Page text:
ABSTRACT. \emph{Differential privacy} is a rigorous, worst-case notion of privacy-preserving computation. Informally, a probabilistic program is differentially private if the participation of a single individual in the input database has a limited effect on the program's distribution on outputs. More technically, differential privacy is a quantitative 2-safety property that bounds the distance between the output distributions of a probabilistic program on adjacent inputs. Like many 2-safety properties, differential privacy lies outside the scope of traditional verification techniques. Existing approaches to enforce privacy are based on intricate, non-conventional type systems, or customized relational logics. These approaches are difficult to implement and often cumbersome to use.

We present an alternative approach that verifies differential privacy by standard, non-relational reasoning on non-probabilistic programs. Our approach is based on transforming a probabilistic program into a non-probabilistic program which simulates two executions of the original program. We prove that if the target program is correct with respect to a Hoare specification, then the original probabilistic program is differentially private. We provide a variety of examples from the differential privacy literature to demonstrate the utility of our approach. Finally, we compare our approach with existing verification techniques for privacy.

18:00
Surveillance and Privacy
16:30-18:00 Session 153E (GeTFun)
Location: FH, Hörsaal 4
16:30
Separating truth and proof in the Logic of Proofs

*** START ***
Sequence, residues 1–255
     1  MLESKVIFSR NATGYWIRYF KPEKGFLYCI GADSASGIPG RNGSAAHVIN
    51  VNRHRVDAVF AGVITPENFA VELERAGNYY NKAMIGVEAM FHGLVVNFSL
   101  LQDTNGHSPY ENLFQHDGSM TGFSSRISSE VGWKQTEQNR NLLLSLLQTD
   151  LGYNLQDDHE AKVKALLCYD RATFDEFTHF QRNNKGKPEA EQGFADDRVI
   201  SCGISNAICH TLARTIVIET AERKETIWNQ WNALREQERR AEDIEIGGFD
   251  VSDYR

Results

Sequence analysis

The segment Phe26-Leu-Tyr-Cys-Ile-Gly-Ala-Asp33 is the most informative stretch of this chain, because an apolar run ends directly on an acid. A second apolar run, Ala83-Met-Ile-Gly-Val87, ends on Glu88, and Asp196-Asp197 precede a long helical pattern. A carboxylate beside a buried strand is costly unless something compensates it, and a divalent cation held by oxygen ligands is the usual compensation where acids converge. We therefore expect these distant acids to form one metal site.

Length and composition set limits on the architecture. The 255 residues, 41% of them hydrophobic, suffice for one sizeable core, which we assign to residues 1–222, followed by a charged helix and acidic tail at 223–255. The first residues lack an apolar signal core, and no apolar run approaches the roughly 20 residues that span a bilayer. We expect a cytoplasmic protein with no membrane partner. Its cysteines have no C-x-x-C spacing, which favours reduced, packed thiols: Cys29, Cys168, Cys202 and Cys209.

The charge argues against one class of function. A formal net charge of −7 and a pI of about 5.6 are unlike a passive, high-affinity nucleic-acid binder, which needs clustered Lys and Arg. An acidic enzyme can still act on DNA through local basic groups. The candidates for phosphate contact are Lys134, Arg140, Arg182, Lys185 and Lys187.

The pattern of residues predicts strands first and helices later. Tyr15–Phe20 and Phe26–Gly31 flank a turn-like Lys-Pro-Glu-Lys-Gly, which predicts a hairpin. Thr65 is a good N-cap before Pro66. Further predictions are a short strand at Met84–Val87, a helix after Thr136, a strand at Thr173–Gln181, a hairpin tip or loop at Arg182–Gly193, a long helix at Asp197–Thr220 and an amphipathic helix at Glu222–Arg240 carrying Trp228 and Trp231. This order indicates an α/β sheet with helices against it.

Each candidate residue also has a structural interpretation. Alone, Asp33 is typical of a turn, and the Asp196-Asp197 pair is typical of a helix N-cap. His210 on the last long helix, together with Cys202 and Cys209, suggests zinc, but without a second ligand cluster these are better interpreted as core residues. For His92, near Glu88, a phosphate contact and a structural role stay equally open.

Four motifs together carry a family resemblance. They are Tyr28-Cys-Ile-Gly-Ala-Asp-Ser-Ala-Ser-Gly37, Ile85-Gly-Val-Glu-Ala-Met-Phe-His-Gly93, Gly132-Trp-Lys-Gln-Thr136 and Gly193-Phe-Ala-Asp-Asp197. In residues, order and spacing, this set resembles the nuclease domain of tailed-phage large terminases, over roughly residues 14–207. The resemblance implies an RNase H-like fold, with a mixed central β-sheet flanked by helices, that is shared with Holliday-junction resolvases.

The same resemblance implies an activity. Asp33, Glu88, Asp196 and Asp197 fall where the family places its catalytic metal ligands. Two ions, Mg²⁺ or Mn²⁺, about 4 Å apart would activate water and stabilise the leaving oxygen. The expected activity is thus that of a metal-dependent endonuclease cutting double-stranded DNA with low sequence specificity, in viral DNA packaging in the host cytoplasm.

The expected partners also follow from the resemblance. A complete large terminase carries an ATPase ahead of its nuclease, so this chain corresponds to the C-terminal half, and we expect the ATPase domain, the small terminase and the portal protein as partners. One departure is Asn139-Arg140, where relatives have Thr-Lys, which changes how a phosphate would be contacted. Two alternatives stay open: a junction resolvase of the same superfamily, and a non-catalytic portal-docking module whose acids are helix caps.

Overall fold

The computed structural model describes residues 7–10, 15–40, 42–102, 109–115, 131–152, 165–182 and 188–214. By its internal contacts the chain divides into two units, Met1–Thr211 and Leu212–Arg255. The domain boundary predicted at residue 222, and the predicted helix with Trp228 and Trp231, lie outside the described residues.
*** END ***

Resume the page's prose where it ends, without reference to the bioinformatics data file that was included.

SPEAKER: Roman Kuznets
16:40-17:30 Session 154: Abstraction (CAV)
Location: FH, Hörsaal 1
16:40
Counterexample to Induction-Guided Abstraction-Refinement (CTIGAR)
SPEAKER: unknown

ABSTRACT. Typical CEGAR-based verification methods refine the abstraction domain based on full traces. The finite-state model checking algorithm IC3 introduced the concept of discovering, generalizing from, and thereby eliminating individual state (or cube) counterexamples to induction (CTIs). This focus on individual states (or cubes) suggests a simpler abstraction-refinement scheme in which refinements are performed relative to single steps of the transition relation, thus reducing the expense of a refinement and eliminating the need for full traces. Interestingly, this change in refinement focus leads to a natural spectrum of refinement options, including when to refine and which type of concrete single-step query to refine relative to. Experiments validate that CTI-focused abstraction refinement, or CTIGAR, is competitive with existing CEGAR-based tools.

17:00
Unbounded Scalable Verification Based on Approximate Property-Directed Reachability and Datapath Abstraction